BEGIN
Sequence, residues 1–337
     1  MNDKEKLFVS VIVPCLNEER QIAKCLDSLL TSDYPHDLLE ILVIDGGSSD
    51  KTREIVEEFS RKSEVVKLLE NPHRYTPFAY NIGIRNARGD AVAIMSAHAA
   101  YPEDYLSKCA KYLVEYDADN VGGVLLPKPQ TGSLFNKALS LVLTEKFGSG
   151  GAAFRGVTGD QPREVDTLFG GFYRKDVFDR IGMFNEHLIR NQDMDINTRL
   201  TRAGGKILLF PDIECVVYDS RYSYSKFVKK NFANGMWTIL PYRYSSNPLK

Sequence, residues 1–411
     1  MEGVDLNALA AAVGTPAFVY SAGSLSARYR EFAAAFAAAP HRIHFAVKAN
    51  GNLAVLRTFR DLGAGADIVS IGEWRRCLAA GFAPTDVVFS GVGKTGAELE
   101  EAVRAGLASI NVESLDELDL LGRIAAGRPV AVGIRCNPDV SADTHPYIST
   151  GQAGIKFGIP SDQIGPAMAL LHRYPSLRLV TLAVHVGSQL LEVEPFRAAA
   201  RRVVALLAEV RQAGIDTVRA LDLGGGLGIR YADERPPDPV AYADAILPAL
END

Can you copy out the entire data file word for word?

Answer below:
Sequence, residues 1–337
     1  MNDKEKLFVS VIVPCLNEER QIAKCLDSLL TSDYPHDLLE ILVIDGGSSD
    51  KTREIVEEFS RKSEVVKLLE NPHRYTPFAY NIGIRNARGD AVAIMSAHAA
   101  YPEDYLSKCA KYLVEYDADN VGGVLLPKPQ TGSLFNKALS LVLTEKFGSG
   151  GAAFRGVTGD QPREVDTLFG GFYRKDVFDR IGMFNEHLIR NQDMDINTRL
   201  TRAGGKILLF PDIECVVYDS RYSYSKFVKK NFANGMWTIL PYRYSSNPLK

Sequence, residues 1–411
     1  MEGVDLNALA AAVGTPAFVY SAGSLSARYR EFAAAFAAAP HRIHFAVKAN
    51  GNLAVLRTFR DLGAGADIVS IGEWRRCLAA GFAPTDVVFS GVGKTGAELE
   101  EAVRAGLASI NVESLDELDL LGRIAAGRPV AVGIRCNPDV SADTHPYIST
   151  GQAGIKFGIP SDQIGPAMAL LHRYPSLRLV TLAVHVGSQL LEVEPFRAAA
   201  RRVVALLAEV RQAGIDTVRA LDLGGGLGIR YADERPPDPV AYADAILPAL